Sales tips for the aspiring rock star!

Thursday, August 20, 2009

Fire The Gatekeepers!

Just the mere fact that we refer to an assistant as a "gatekeeper" pre supposes a negative dynamic. One where we need to go around, go over and in some cases; plow through! Not sure if that lends itself to a collaborative relationship! Here's something else to think about: Our first, continuing and lasting impression on an assistant is critical considering that we will have to live with them should their company choose to partner with us!

Perhaps its time for every damn gatekeeper to get fired! Sounds nasty, but I mean it. Actually I said it to dramatize my idea. What I actually mean is Perhaps It's Time To Fire The Gatekeeper And Take Them On As a Partner!

First and foremost understand that lots of things and lots of people with things are trying for an audience with the big cheese. Is your message compelling enough to be memorable? Have you engaged in meticulous pre call planning? Have you found a triggering event in their organization you can leverage such as expansion, a new contract they won, a promotion, relocation, a press release? How about something from their industry, a competitor? Oh and before I forget does your message address any of the areas all businesses are interested in:

More sales, more customers, more market share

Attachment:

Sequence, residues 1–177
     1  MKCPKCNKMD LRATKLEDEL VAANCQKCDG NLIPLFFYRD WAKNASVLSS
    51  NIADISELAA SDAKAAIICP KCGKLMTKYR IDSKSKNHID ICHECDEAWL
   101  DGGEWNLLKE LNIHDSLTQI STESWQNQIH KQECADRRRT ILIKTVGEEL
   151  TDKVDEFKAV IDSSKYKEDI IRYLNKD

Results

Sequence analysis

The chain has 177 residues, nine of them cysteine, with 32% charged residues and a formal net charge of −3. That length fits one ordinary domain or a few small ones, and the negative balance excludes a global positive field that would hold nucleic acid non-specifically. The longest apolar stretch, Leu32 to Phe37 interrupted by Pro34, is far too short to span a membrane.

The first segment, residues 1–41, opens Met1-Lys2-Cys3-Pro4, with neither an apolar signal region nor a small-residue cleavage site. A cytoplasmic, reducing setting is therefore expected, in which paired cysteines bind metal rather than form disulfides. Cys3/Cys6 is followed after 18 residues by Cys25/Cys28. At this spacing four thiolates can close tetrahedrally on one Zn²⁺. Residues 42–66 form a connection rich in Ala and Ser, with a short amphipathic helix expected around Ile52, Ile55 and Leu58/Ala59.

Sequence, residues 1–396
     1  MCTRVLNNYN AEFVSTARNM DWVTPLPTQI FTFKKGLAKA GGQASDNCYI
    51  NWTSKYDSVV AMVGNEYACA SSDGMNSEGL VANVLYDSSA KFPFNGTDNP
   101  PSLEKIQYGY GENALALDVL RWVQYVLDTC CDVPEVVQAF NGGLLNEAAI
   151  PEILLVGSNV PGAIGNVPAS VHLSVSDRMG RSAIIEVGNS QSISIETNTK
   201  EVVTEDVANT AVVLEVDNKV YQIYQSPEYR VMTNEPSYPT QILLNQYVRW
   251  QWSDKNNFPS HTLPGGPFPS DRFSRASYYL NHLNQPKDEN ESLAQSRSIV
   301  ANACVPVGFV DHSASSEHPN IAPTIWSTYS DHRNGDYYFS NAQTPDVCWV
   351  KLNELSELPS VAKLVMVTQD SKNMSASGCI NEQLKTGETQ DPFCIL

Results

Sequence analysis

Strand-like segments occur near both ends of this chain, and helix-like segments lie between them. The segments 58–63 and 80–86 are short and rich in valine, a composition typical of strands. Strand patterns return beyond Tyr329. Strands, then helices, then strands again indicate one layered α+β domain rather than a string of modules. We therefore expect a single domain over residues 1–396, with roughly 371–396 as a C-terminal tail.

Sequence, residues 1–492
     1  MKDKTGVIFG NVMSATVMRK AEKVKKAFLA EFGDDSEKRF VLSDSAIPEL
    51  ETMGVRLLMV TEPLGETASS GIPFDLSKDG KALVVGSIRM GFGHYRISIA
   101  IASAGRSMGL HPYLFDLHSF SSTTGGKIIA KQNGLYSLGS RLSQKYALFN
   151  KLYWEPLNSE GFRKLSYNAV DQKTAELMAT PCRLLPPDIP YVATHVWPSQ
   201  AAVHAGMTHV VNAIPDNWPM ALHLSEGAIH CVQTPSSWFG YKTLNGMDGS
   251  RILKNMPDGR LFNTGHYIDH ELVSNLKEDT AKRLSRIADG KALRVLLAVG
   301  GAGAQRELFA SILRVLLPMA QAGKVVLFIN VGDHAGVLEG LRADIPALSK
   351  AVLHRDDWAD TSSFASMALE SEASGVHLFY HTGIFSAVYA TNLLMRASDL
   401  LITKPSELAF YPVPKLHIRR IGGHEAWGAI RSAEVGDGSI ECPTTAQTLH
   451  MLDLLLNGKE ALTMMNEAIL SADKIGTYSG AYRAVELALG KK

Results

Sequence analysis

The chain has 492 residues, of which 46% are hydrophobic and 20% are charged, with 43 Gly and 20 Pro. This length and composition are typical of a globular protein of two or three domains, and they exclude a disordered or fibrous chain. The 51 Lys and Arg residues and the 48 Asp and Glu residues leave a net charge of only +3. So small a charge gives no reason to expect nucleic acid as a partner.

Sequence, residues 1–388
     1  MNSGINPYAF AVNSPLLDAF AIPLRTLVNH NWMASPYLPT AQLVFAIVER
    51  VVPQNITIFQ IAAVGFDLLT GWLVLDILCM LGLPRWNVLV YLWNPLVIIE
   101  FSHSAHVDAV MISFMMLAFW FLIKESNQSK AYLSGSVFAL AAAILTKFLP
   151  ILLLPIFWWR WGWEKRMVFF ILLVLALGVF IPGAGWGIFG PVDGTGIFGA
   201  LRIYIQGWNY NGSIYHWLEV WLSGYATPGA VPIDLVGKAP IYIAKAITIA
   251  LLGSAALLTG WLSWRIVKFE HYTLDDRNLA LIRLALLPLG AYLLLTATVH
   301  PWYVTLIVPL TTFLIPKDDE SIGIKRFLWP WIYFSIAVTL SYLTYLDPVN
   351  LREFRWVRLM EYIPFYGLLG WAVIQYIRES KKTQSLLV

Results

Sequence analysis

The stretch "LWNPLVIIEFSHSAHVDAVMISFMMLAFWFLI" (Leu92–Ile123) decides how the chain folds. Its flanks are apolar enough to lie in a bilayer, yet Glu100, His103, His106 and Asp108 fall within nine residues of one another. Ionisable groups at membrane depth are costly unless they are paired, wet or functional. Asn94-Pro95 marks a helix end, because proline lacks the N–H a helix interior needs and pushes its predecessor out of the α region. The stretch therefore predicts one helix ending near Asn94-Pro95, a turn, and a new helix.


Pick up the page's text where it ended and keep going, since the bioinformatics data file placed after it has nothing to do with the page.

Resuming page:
Happy customers, happy shareholders, happy employees
Better image, quicker to market turn times, greater efficiencies
More profit, reduced turnover, lower cost of sales

Just to name a few!

And while we're at it, aren't there things that just piss buyers off to no end?

Missed deadlines
Poor quality
Internal customers
Surprise costs
Poor communication
Stupid buying experiences and dare I say . . .
Dealing with less than professional sales reps

Next: Dale Carnegie once said that the sweetest sound, in any language is the sound of our own name. By all means call the assistant by name and then . . .

Lose the monkey style kung fu evasion tactics and simply level with them. Tell them why you're calling. One of my favorite things to do (especially if I get one of those snotty "Can I help you?" greetings, is to say something like "Actually (insert name) you might be the ONLY person who can help me" and then I have a conversation with them detailing what I'm trying to do and more importantly why this is important to them. I end by asking for their advice on how I can get an audience with the grand pooba. Just out of curiosity, do you think it feeds one ego to be asked for advice or help? Damn right it does! Why not leverage that?

No matter where that conversation goes, that assistant is getting a handwritten thank you card. Why? Aside from just plain old fashioned good manners I would venture to say that I might be the only one who sent a thank you. This helps me build my brand and might even get my name brought up to the decision maker.

Something else to think about. Every human being needs to be acknowledged and appreciated. In doing that you begin to wear away barriers and create relationships!